In 1949 Alison and Peter Smithson embarked on a radical new design for Hunstanton Secondary Modern School, Norfolk. The exhibition, co-curated by Victoria Walsh and Claire Zimmerman, presents a range of work by this extraordinary cross-disciplinary group during construction of the school, notably the design for Ronald Jenkins’ office at Arup in 1951. The display includes drawings and proposals, previously unseen photographs by Nigel Henderson, and sculptures by Paolozzi.
Watch Tate's film interview with Jack Zunz about working on Hunstanton School.
Building the Sydney Opera House, 11 April - 25 July 2014, 8 Fitzroy Street, London
This exhibition celebrates the ingenuity used to realise this extraordinary building, which took fourteen years to construct. The exhibition is part of a number of global events marking the 40th anniversary of the Sydney Opera House, which began in Sydney in October 2013. It includes photography, notably by Australian modernist photographer Max Dupain, historical drawings and models from the Arup and Utzon archives and the Sydney Opera House Trust.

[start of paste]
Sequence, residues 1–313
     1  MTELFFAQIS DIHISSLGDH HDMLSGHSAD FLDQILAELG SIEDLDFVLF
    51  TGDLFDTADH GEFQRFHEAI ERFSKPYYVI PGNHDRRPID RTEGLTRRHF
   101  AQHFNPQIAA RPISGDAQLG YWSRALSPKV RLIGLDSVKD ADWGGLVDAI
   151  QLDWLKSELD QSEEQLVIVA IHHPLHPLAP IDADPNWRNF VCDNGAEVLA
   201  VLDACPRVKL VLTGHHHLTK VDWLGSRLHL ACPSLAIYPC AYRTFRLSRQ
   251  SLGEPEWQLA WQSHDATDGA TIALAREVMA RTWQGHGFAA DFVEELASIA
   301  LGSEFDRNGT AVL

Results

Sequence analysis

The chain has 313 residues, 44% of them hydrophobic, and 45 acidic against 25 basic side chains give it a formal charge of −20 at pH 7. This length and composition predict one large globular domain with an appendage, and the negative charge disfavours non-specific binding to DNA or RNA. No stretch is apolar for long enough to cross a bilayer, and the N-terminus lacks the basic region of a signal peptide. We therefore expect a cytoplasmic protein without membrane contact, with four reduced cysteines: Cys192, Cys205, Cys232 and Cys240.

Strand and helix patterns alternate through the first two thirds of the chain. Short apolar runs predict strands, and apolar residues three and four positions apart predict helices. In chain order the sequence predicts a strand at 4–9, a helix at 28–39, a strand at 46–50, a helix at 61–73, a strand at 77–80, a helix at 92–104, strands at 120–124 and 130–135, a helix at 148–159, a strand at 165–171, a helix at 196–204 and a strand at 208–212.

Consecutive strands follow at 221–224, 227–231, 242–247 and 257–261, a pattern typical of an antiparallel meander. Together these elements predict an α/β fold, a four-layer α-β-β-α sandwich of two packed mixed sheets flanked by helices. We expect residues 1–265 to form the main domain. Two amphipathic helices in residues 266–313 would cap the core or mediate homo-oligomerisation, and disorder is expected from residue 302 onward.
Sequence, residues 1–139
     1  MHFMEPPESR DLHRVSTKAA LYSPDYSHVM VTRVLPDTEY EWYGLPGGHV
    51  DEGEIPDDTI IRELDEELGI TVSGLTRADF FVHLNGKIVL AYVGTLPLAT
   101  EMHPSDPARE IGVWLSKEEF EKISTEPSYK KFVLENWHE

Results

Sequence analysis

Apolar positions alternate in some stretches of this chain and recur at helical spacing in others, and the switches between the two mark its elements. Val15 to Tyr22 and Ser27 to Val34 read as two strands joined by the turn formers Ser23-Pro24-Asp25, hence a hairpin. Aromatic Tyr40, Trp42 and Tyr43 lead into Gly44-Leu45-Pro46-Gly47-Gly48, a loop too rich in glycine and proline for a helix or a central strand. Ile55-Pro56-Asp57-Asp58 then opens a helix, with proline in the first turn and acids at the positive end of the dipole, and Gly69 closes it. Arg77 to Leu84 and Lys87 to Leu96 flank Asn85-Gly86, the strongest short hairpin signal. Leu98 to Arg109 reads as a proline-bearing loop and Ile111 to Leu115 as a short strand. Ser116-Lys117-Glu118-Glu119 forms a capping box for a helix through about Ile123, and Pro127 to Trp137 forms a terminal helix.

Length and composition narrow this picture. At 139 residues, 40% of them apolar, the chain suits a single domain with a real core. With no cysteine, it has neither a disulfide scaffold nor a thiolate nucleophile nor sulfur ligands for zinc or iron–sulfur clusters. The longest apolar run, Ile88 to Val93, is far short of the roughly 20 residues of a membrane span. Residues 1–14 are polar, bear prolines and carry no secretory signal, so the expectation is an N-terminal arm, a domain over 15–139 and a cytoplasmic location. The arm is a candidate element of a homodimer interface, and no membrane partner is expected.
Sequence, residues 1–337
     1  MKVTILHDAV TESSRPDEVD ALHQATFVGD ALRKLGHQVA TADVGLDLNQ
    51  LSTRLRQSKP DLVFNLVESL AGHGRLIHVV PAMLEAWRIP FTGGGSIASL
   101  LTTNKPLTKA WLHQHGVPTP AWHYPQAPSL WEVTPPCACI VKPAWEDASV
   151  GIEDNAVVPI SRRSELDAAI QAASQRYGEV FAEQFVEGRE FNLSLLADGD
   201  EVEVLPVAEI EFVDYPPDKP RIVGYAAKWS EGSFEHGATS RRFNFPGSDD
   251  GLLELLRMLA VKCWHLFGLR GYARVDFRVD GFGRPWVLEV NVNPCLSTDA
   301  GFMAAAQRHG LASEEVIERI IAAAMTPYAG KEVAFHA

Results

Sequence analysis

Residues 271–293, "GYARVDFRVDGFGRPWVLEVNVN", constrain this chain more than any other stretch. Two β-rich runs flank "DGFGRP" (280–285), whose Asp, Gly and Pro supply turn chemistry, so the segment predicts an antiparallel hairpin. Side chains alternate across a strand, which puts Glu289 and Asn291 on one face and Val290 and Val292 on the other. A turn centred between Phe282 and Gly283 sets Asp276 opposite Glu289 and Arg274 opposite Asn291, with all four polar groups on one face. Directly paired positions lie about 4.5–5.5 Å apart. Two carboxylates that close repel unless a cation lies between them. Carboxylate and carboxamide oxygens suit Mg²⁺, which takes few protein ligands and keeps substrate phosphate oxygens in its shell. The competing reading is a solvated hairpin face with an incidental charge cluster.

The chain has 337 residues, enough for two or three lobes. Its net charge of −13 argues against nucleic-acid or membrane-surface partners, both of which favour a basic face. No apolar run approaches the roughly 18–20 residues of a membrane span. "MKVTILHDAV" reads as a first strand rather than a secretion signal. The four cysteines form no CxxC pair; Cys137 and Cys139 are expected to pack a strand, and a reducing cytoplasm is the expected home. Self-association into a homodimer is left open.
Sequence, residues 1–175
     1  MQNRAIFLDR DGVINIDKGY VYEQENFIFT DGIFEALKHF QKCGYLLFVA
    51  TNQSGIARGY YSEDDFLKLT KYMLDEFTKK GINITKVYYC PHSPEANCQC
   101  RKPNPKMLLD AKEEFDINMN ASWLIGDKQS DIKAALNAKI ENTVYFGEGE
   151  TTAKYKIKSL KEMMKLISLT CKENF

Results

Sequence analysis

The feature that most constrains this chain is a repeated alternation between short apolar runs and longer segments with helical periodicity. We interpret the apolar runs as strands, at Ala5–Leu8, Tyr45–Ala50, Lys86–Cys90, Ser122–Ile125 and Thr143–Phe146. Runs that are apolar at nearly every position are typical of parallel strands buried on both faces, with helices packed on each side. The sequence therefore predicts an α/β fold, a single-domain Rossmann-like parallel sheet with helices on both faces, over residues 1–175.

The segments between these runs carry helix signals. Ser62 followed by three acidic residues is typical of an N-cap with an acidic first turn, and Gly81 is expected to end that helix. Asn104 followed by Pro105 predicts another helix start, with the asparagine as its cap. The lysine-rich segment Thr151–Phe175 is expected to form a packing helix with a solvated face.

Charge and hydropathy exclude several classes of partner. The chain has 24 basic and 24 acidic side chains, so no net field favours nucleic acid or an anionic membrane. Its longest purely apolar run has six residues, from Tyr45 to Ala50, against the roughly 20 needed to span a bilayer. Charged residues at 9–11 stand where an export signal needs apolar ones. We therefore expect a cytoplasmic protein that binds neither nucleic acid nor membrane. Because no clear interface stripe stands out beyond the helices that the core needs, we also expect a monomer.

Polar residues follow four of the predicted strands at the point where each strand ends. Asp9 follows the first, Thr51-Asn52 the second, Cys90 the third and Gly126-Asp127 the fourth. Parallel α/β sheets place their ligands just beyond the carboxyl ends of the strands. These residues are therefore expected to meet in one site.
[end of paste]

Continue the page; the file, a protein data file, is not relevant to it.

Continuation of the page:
Traces of Peter Rice, 27 Nov 2012 – 5 April 2013, 8 Fitzroy St, London; 12 Oct – 22 Dec 2013; Farmleigh Gallery, Dublin; 28 Feb – 28 March 2014, The Naughton Gallery, Queen’s University, Belfast
Traces of Peter Rice, explores the life and work of Peter Rice (1935-1992), one of Arup’s most pioneering structural engineers. The exhibition includes design stories from three of Rice’s projects: Centre Pompidou, the Menil Collection, Houston and the Full-Moon Theatre near Montpellier.